"We actually did a lot of due diligence last summer as well," Fletcher said. "He's a young man. He's played on a lot of teams now. He's somebody that certainly has had some incidents in his past that have probably gotten him into some trouble. He's paid the consequences for those actions. We believe he's learned from them."
"From everything we can gather and speaking with [Hurricanes GM] Donny Waddell, speaking with some of the Carolina players, speaking with other people around the league, it seems like he's really worked hard the last year and a half to change his ways," the GM continued. "He's older, he's maturing and from all accounts he did a good job both on and off the ice last season."
What would Fletcher say to fans who are uncomfortable with a player who was accused of using a racial slur in the past, and had a fight with a teammate?
"You have to certainly appreciate their opinion," Fletcher said. "He's made some mistakes. Apologized for them. Some of the mistakes early in his career, he hasn't had any repeat offenses so to speak. He's matured and he's working hard to be a better person both on and off the ice."
What about putting DeAngelo on a team coached by John Tortorella?
"I know Torts is excited to work with him,"Fletcher replied. "He loves the passion. He loves the fire. He loves his skill set. As long as you work hard for Torts and be a good teammate on and off the ice, you won't have any issues."
Just a totally normal trade. --Wyshynski
Vancouver Canucks head coach Bruce Boudreau is renowned for his love of professional wrestling, and particularly the old-school grapplers who can talk as well as they can work. His favorite current wrestler fits that template: WWE superstar Kevin Owens, who can take a bump as well as he can dish an insult.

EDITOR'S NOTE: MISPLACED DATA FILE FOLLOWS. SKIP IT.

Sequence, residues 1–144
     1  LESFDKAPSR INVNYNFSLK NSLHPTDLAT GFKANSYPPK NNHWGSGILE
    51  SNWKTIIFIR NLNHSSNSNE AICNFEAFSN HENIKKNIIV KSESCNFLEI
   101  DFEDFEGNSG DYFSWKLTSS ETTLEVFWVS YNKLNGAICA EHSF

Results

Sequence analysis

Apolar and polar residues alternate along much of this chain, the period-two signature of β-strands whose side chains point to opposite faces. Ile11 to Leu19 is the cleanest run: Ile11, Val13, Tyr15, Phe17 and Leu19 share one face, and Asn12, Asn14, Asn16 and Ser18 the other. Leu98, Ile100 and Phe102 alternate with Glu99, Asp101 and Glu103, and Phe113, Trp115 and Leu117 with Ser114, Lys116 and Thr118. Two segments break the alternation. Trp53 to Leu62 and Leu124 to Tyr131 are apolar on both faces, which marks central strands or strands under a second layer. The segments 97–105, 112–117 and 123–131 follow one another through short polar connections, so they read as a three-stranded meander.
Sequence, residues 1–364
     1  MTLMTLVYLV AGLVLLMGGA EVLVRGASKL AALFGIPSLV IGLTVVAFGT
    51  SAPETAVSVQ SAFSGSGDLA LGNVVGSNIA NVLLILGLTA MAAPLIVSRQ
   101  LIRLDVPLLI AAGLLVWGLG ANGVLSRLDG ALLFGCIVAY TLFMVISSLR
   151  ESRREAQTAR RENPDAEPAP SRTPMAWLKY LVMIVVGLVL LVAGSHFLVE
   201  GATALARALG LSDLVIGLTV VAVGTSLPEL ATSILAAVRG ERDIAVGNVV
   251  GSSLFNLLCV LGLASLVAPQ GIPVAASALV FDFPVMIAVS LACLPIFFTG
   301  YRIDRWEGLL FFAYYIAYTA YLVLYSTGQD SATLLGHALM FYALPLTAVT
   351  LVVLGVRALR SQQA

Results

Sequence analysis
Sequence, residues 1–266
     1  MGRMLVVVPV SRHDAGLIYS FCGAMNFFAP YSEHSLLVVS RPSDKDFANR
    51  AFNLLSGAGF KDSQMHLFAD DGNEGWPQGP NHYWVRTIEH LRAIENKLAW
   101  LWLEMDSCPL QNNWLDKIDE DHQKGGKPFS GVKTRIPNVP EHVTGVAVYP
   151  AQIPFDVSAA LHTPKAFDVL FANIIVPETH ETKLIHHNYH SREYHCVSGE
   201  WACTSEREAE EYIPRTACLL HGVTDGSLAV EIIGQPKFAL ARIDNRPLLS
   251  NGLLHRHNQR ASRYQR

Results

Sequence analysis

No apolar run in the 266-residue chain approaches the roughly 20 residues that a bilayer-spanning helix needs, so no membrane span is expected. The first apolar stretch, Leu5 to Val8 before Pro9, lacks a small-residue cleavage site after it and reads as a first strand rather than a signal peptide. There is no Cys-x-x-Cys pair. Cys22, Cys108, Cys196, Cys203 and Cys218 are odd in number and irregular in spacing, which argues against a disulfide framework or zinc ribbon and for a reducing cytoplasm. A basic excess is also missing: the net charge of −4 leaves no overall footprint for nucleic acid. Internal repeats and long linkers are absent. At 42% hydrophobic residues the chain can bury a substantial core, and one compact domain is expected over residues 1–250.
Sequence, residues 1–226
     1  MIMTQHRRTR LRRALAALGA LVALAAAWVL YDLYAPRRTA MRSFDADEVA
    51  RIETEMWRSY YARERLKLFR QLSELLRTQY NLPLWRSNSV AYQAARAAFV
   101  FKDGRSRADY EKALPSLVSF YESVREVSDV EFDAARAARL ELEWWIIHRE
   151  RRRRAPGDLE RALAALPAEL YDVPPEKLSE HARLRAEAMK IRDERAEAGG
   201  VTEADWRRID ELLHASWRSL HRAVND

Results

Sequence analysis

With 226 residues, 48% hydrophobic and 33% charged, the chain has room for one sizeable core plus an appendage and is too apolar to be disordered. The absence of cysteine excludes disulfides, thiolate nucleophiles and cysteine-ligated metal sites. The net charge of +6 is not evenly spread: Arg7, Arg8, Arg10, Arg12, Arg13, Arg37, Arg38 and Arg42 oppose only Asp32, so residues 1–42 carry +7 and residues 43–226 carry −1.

The NHL draft is, if nothing else, a place where dreams come true. So as Boudreau was doing a hit on NHL Network, host Jackie Redmond -- who also does work for WWE -- surprised the coach with a special guest: K.O. himself, a Montreal native.
"I was sitting in a box up there and I figured I'm come down and say hi," Owens said.
"I'm all red," Boudreau said, slowly morphing into a 12-year-old fan.
Boudreau immediately started asking Owens about his injury status, whether WWE wrestlers know beforehand to which "brand" they're being drafted and generally fan-boy'd out.
If you've ever seen a child meet Mickey Mouse for the first time at Disney World, it was very much like that on the wholesomeness scale. --Wyshynski
Last summer, the goaltending market was robust. This summer, there's just as much demand but less supply, especially on the free-agent market. Hence, some teams got aggressive in addressing their goaltending issues at the draft.
The Stanley Cup-winning Colorado Avalanche traded for Alexandar Georgiev from the New York Rangers on the afternoon of the first round. The Minnesota Wild re-signed goalie Marc-Andre Fleury for two years, ending speculation he could be headed to Toronto. The Detroit Red Wings acquired St. Louis Blues pending free agent Ville Husso, and then signed him to a three-year deal. The New Jersey Devils acquired Washington Capitals restricted free agent Vitek Vanecek to pair with incumbent Mackenzie Blackwood.
"The reality is we worked hard on a deal, but players have the ability when it's in their contract to make those decisions," Sabres GM Kevyn Adams said. "And we want players who want to be here. That's the way we believe, so we move on."
There are some free-agent options hitting the market next week, including Darcy Kuemper and Jack Campbell. There might be others available via trade. But those who sought goalies early might end up getting the better deals, and in some cases better goalies, than those who waited. --Wyshynski